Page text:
As Jurassic 5 says, “Either you’re a part of the problem or you’re a part of the solution–what’s your contribution to life?” A little examination of my own habits has led me to the conclusion that, in this arena at least, I have been part of the problem. (Sorry.)
I just need to stop. I want to be more conscious of my own behaviour.
Did McQueen make the Persols, or did the Persols make McQueen? Think anyone is drawing a parallel between you and McQueen because you’re wearing Persols? Just you. Promise– you’re the only one thinking it. Do you see what I’m sayin’? Take back your life. Make it about more worthwhile endeavors, and the style will follow. Style is a great complement to substance– but it sure the hell ain’t a substitute for it. There is no shortcut. Just a long line of wannabes. How you live your life is your brand.(The Selvedge Yard)
When I told my friends I was performing a shopping detox, the responses went like this.
“No shopping?! What else is there to do?! Hahahah.”
“That’s SICK. Why?!”
“You won’t last a month.”
As you can see, I am surrounded by fellow shopping addicts! It’s okay though; I am possessed of iron will, & when I make up my mind about something, there’s no stopping me!
I’m six days into my no-shopping month. So far, it really hasn’t been difficult. At all. It is almost disturbingly easy. If anything, it’s making me more productive: I’m not browsing the online sales, & I’m not loitering around Soho after I hit the gym. I’m just getting on with things!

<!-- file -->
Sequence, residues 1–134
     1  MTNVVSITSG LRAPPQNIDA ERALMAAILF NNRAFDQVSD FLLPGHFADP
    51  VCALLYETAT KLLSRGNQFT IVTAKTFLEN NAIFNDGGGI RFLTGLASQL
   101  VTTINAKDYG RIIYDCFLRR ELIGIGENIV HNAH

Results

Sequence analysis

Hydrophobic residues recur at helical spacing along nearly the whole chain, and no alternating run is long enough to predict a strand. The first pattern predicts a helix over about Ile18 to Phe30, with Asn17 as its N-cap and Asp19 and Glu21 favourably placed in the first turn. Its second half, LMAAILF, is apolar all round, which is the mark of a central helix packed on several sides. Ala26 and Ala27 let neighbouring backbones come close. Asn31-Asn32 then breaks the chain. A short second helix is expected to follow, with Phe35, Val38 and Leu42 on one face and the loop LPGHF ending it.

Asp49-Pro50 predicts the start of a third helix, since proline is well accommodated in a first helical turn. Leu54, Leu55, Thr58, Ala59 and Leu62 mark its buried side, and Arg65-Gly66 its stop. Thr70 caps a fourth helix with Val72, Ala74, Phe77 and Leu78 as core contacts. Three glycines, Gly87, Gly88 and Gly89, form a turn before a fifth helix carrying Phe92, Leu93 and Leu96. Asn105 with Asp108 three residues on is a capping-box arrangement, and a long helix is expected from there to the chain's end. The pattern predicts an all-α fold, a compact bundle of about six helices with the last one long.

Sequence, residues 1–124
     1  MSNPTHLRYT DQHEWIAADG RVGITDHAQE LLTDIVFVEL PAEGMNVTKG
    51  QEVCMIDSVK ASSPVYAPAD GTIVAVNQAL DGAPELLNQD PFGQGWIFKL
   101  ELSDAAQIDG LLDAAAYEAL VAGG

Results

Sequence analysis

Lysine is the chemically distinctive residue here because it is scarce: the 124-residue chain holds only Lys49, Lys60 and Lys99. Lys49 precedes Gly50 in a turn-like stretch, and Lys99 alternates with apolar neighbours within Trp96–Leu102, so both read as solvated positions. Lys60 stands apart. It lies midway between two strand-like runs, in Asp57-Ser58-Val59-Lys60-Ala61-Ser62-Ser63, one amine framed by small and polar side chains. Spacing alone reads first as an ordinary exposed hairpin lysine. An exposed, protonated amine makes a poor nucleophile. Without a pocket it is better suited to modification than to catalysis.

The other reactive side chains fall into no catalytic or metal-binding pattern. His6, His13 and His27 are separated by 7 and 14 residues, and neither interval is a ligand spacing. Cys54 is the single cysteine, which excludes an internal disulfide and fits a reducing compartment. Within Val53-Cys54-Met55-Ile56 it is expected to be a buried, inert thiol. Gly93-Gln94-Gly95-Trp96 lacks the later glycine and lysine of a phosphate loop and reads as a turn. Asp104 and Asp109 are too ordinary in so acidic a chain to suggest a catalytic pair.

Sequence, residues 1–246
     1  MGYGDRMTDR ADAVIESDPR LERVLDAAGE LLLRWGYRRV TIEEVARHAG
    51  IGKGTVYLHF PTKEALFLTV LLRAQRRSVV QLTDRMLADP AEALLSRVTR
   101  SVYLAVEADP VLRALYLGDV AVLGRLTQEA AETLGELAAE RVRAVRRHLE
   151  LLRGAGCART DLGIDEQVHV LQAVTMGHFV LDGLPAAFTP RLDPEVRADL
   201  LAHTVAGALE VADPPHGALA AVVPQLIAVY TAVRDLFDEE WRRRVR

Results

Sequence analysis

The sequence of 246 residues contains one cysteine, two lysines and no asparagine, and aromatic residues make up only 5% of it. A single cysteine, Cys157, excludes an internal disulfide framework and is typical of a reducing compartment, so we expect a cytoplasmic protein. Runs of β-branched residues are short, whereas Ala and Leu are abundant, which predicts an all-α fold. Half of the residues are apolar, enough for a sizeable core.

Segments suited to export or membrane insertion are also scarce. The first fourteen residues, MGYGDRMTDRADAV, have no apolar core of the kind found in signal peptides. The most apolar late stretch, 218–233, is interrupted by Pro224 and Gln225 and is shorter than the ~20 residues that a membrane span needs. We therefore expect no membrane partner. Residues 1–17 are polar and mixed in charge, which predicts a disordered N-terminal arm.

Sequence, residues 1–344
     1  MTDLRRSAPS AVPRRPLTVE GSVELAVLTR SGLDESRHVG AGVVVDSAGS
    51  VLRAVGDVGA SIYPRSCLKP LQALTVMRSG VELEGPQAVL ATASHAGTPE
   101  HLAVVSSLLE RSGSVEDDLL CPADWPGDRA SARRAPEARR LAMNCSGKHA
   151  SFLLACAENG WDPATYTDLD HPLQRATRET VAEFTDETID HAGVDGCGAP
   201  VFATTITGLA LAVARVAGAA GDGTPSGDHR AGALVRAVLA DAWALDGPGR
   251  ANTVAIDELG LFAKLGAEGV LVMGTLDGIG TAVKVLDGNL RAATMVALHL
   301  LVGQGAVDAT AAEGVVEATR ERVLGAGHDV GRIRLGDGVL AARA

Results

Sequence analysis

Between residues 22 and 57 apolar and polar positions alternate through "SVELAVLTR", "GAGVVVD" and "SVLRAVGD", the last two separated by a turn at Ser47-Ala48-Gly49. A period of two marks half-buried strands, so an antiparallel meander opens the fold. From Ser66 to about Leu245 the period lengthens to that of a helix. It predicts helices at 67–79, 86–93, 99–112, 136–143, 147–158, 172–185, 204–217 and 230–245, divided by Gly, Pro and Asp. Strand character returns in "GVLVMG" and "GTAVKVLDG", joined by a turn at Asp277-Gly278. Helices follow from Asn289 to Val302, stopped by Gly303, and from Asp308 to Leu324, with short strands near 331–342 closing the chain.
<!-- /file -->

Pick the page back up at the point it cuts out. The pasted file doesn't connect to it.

I’m also making an effort to wear the items that I’ve neglected (or never worn), which is satisfying & challenging in its own way! It’s definitely making for cuter & more interesting outfits, which I will do my best to document for the site!
For the record, my shopping detox does not include: replacing things which I consider to be essential & which have run out (e.g. vitamins, concealer, shampoo); booking travel; beauty services (e.g. facials, massages), or spending gift-cards or credits already accumulated with online retailers. Really, what it is about is buying clothes. I do not need to buy more clothes!
I’m heeding Rick Owens’ advice…
“Working out is the the modern couture. No outfit is going to make you look or feel as good as having a fit body. Buy less clothes & go to the gym instead. Trying to talk with your clothes is passive-aggressive… Isn’t it more chic to be free?”(Rick Owens)
This is a personal experiment. It’s a test to see whether I can do it (& I’m sure I can). It’s a study to see how the change makes me feel about myself, & to see if easing off the obsessive spending improves my life. I have a few hypotheses–I will complete the trial without incident; it will make me feel better about myself; “stuff” reduction will improve my life–but only time will tell as to whether or not I’m right.
I’m not sure I’ll be posting much about my “shopping struggles” (ha!) here, since I’m sure the thoughts I have on it will be fleeting & not necessarily warrant an entire post. I will be diatribing about it on Facebook & Twitter, though, so feel free to add me there for scintillating tales of non-spending!
As for whether the content will be markedly different this month, I can’t say. Will I go entirely in the other direction & start writing about meditative retreats? Maybe! Or will I get so ravenous & rabid about not spending anything that I create 30,000 Polyvore sets a day? WHO KNOWS?! It’s an exciting adventure that we will unravel together!
Links & resources
If you’re interested in performing a similar shopping detox, these might help you out!
I may not be a bona fide shopaholic, but like Andrea, I sometimes feel something is amiss. My friend Val, a marvel of frugality, often says, “I hate spending money.” I feel both envious and baffled when she says that. I love spending money. On anything. Even a package of Q-tips is satisfying.
Sophie Kinsella’s exclusive guide to keeping your shopping addiction in check from the Daily Mail.
Retail rehab: How to survive a shopping detox. There are other parts to this, but damned if I could find them!